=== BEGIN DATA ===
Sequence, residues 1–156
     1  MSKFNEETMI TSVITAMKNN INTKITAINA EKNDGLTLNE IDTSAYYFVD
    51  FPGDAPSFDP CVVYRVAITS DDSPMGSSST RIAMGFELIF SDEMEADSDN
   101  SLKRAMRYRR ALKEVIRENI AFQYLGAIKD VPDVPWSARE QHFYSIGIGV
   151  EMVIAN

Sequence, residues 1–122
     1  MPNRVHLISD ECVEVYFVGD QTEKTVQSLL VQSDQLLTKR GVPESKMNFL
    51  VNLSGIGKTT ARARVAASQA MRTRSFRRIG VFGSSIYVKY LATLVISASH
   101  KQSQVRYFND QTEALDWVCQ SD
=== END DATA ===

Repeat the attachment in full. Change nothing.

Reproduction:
Sequence, residues 1–156
     1  MSKFNEETMI TSVITAMKNN INTKITAINA EKNDGLTLNE IDTSAYYFVD
    51  FPGDAPSFDP CVVYRVAITS DDSPMGSSST RIAMGFELIF SDEMEADSDN
   101  SLKRAMRYRR ALKEVIRENI AFQYLGAIKD VPDVPWSARE QHFYSIGIGV
   151  EMVIAN

Sequence, residues 1–122
     1  MPNRVHLISD ECVEVYFVGD QTEKTVQSLL VQSDQLLTKR GVPESKMNFL
    51  VNLSGIGKTT ARARVAASQA MRTRSFRRIG VFGSSIYVKY LATLVISASH
   101  KQSQVRYFND QTEALDWVCQ SD